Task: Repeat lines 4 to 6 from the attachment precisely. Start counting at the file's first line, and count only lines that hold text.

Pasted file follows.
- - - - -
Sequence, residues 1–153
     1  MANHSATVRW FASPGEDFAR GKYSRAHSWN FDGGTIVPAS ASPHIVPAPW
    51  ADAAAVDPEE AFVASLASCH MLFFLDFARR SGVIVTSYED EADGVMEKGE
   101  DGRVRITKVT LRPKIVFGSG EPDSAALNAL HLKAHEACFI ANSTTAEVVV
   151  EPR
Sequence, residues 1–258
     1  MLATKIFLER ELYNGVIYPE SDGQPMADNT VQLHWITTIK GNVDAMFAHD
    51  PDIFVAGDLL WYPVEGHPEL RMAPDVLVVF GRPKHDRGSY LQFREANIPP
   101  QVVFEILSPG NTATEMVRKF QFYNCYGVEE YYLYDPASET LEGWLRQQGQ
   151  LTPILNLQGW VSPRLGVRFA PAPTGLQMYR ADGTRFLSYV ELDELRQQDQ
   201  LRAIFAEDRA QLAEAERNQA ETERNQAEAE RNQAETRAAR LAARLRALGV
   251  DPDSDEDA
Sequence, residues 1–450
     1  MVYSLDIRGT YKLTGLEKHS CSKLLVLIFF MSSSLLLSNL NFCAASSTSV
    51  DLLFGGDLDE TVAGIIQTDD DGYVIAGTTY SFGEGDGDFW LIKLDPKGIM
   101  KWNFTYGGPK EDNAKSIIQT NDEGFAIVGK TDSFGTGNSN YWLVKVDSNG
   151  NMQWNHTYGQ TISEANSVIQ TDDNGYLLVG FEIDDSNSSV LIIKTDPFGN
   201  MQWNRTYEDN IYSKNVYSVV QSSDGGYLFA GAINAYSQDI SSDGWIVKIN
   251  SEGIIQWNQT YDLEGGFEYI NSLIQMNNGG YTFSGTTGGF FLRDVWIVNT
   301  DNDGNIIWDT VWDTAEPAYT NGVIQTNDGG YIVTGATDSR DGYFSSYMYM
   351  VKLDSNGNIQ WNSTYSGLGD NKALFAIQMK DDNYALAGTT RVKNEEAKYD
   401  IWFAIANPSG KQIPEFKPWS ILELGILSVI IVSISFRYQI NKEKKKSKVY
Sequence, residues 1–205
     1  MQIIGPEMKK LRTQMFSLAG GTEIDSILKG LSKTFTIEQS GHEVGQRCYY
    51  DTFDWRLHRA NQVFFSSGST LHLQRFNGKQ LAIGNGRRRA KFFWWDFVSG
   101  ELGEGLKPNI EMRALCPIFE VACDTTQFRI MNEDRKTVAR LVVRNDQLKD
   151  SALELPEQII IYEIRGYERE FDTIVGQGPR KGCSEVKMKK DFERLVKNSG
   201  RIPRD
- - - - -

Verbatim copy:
   101  DGRVRITKVT LRPKIVFGSG EPDSAALNAL HLKAHEACFI ANSTTAEVVV
   151  EPR
Sequence, residues 1–258